With an argument of 1000000 it runs in about 0.006 seconds on a 1.7 GHz Intel Core i5.

    import Control.Monad (liftM)
    import Data.List (genericIndex)
    import System.Environment (getArgs)
    
    -- Return the least significant non-zero digit of n factorial.
    lnzf :: Integer -> Int
    lnzf n | n < 5 = [1, 1, 2, 6, 4] `genericIndex` n
           | otherwise = let (q, r) = n `quotRem` 5
                         in (p q * lnzf q * lnzf r) `rem` 10
      where p 0 = 1
            p m = [6, 2, 4, 8] `genericIndex` (m `rem` 4)
    
    main :: IO ()
    main = do
      ns <- liftM (map read) getArgs
      mapM_ (\n -> putStrLn $ show n ++ "! -> " ++ show (lnzf n)) ns
    
  5. jeltz said

    # Ruby

    def last_digit(n)
    n % 10
    end

    def last_non_zero_digit(n)
    while last_digit(n) == 0
    n = n / 10
    end
    last_digit n
    end

    max = ARGV[0].to_i
    puts (1..max).inject(1) { |result, n| result = last_non_zero_digit(result * n) }

  6. But, wait, solution 2 will work with a couple changes, no?

    (define (lnz2 n) ; doesn’t work
    (let loop ((i 2) (f 1))
    (cond ((zero? (modulo f 10)) (loop i (/ f 10)))
    ((< n i) (modulo f 10))
    (else (loop (+ i 1) (* f i))))))

    (display (lnz2 15)) (newline)

  7. John said

    My solution in Java:

  8. John said

    My solution in Java (link): http://pastebin.com/awgkzbb8

  9. Akshar said

    This is my solution done in Haskell.

    –the factorial function to be used
    factorial :: Int -> Int
    factorial n=product [1..n]

    –Done in two steps.
    –Step 1.Find the last non-zero digit of a number.
    lastNonZeroDigit :: Int -> Int
    lastNonZeroDigit n = if n `mod` 10 /= 0
    then n `mod` 10
    else lastNonZeroDigit (n `quot` 10)

    –Step 2.Now putting the output of factorial into the lastNonZeroDigit function input
    lastNZDfactorial :: Int -> Int
    lastNZDfactorial n = lastNonZeroDigit ( factorial (n))

    ——————————————————————————————————
    This could probably have been done without two functions for the last digit but
    in Haskell this way is prefered(That is what I heard).
    Again the lines with the “::” can be omitted.

    I am new to programming in Haskell so I would appreciate someone can tell me how to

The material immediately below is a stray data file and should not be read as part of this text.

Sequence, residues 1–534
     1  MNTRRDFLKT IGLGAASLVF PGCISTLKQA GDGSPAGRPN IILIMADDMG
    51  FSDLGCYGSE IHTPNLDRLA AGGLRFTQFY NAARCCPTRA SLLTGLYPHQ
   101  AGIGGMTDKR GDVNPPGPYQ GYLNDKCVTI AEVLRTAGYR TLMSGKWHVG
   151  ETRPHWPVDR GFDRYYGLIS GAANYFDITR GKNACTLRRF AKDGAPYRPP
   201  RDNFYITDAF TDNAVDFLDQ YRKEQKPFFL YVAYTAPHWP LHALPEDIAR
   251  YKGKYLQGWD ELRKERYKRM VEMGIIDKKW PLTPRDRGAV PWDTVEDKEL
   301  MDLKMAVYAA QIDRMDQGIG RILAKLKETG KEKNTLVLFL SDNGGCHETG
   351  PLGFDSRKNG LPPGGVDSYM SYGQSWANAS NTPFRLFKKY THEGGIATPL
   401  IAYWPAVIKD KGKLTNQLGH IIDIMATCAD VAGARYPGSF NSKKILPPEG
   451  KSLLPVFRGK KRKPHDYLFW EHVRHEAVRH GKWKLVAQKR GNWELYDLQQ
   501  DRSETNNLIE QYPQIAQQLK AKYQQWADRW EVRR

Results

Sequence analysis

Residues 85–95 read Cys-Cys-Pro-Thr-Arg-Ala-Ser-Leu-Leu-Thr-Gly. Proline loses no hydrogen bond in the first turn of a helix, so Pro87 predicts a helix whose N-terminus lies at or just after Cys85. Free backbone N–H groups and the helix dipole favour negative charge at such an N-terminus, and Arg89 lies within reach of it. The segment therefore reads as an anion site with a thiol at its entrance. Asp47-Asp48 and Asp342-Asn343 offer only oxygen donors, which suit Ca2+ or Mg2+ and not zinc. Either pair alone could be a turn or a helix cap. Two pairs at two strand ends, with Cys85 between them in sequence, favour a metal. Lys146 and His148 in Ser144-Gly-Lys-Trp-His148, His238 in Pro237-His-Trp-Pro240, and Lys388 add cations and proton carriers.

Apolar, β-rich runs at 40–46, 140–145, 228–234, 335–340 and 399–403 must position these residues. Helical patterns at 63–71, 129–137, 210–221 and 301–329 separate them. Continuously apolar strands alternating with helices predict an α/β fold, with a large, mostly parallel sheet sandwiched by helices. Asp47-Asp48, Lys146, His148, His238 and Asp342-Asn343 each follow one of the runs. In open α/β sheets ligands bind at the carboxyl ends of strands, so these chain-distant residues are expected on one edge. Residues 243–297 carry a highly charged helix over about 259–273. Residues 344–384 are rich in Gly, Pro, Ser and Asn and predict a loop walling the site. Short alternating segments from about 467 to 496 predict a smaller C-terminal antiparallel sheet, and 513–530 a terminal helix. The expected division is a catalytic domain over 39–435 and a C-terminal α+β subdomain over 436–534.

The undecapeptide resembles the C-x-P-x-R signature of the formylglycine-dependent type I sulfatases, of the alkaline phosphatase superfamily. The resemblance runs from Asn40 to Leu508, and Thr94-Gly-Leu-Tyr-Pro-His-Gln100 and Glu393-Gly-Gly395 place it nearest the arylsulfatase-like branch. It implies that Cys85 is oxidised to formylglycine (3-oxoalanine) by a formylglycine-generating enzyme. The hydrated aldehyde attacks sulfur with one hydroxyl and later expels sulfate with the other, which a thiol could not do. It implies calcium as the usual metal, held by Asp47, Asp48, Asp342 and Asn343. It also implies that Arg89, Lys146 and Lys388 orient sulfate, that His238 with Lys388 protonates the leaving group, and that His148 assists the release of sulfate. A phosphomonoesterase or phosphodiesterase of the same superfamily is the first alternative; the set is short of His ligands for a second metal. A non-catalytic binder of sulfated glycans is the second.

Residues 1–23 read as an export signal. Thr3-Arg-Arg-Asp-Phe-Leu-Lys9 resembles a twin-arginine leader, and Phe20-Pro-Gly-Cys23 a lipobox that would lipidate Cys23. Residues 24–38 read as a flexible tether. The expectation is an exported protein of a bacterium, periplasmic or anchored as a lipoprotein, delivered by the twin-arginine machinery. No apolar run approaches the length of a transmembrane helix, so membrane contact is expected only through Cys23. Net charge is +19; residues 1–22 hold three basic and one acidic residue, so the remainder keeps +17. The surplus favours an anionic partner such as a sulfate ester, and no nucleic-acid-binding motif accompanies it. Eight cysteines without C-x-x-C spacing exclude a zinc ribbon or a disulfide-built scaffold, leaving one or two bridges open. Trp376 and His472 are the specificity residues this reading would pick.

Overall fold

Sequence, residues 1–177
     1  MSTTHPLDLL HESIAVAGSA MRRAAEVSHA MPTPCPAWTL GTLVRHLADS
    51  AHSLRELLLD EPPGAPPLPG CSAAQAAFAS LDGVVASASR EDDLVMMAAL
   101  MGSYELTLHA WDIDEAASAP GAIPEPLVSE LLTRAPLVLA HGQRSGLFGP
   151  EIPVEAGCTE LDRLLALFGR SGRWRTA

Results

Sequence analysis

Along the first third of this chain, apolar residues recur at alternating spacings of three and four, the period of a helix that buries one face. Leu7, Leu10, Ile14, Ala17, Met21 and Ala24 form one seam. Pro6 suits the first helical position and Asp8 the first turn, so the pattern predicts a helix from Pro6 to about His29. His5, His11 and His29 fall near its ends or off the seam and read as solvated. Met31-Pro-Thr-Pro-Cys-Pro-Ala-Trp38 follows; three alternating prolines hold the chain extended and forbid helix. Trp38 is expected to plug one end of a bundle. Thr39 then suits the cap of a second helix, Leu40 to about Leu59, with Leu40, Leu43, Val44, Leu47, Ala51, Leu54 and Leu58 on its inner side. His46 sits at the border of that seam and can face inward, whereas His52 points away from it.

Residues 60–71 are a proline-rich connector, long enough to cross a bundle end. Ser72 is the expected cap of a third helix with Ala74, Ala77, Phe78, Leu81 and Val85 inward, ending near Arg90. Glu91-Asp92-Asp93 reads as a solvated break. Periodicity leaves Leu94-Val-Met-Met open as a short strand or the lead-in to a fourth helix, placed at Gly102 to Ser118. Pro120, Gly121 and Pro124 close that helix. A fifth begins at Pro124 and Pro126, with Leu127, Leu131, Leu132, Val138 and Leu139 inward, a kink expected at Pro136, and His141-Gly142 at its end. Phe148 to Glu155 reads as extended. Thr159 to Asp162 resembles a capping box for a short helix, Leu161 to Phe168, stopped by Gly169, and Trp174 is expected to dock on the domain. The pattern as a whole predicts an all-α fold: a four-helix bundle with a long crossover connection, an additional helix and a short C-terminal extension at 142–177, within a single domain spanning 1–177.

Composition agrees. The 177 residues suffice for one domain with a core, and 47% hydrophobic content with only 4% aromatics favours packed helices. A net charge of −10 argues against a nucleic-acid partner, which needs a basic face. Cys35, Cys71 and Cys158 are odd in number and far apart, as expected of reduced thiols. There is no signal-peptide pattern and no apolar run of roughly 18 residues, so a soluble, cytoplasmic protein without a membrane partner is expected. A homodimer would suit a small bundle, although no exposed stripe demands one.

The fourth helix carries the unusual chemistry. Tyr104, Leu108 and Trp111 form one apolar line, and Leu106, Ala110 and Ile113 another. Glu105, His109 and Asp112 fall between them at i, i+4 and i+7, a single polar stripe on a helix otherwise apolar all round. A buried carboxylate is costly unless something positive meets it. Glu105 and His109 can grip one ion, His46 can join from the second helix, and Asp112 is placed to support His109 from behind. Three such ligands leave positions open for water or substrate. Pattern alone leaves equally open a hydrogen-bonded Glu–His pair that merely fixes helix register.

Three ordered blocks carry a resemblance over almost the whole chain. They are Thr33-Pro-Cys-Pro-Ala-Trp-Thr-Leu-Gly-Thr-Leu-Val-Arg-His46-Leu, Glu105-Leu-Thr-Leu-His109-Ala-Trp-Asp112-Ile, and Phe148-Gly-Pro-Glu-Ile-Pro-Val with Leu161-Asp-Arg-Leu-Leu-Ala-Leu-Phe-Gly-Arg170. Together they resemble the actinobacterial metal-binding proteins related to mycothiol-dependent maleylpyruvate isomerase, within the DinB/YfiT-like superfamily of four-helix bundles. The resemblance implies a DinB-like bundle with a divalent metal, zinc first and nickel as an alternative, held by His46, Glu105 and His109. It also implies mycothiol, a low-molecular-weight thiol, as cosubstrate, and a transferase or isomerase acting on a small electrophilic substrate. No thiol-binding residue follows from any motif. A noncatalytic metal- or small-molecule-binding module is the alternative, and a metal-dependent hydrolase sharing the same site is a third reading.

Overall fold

improve this or my Haskell skills overall.

  10. generic solution in python:

    # Program to print
    # the last non zero digit
    # in a factorial
    
    def Fact(n):
        
        if n < 1: return 1    
        else: return n * Fact(n-1)
    	
    def Convert_Num_Str():
    
    	lst_append = []
    
    	n = input("Enter the number whose factorial has to be calculated:>")
    	
    	result = Fact(int(n))	
    	
    	str_num = list(str(result))
    	print(str_num)
    	for i in range(len(str_num)):
    		if str_num[int(i)]!= '0':		
    			lst_append.append(str_num[i])		
    			
    	return int(lst_append[-1])
    			
        
    print(Convert_Num_Str())
    
  11. This is using simple division and loop and exit control logic

    # Program to print
    # the last non zero digit
    # in a factorial
     
    def Fact(n):
         
        if n < 1: return 1    
        else: return n * Fact(n-1)
         
    def Convert_Num_Str():
     
    	n = input("Enter the number whose factorial has to be calculated:>")  
    	
    	result = Fact(int(n))
    
    	while result!=0:
    	
    		print("Result before division", result)	
    		remainder = result%10
    		print(remainder)
    		if remainder!=0:			
    			break
    		else:
    			result = result/10
    			print("Result in Else",result)
    			remainder = result%10
    			print("Remainder in Else",remainder)
    		
    		
    	return remainder            
         
    print(Convert_Num_Str())
    
    
  12. HARSH DEPAL said

    in C++
    #include
    #include
    #include
    using namespace std;
    int main()
    {
    int n;
    cout<<"ENTER A NUMBER"<>n;
    int p=0;
    int fact=1;
    int LastDigit=0;
    while (p<n)
    {
    p++;
    fact=fact*p;
    LastDigit=fact%10;
    if (LastDigit==0)
    fact=fact/10;
    }
    cout<<""<<LastDigit<<" Is The Last Digit Of The Factorial"<<endl;
    getch();
    return 0;
    }

  13. itsme86 said

    C#:

    static void PrintLastNonZeroDigitInFactorial(int factorial)
    {
        Console.WriteLine(IntSplitReverse(Enumerable.Range(1, factorial).Aggregate(1, (product, nextNumber) => product * nextNumber)).FirstOrDefault(d => d != 0));
    }
    
    static IEnumerable<int> IntSplitReverse(int num)
    {
        List<int> digits = new List<int>();
        while (num > 0)
        {
            digits.Add(num % 10);
            num /= 10;
        }
        return digits;
    }
    
  14. Nothing super-duper, but a Ruby solution:

    
    def last_non_zero_fact_dig(n)
      fact = (1..n).inject(1){|prod, i| prod * i}
      (0..Math::log10(fact)).each do |k|
        digit = (fact / 10**k) % 10
        return digit if digit != 0
      end
    end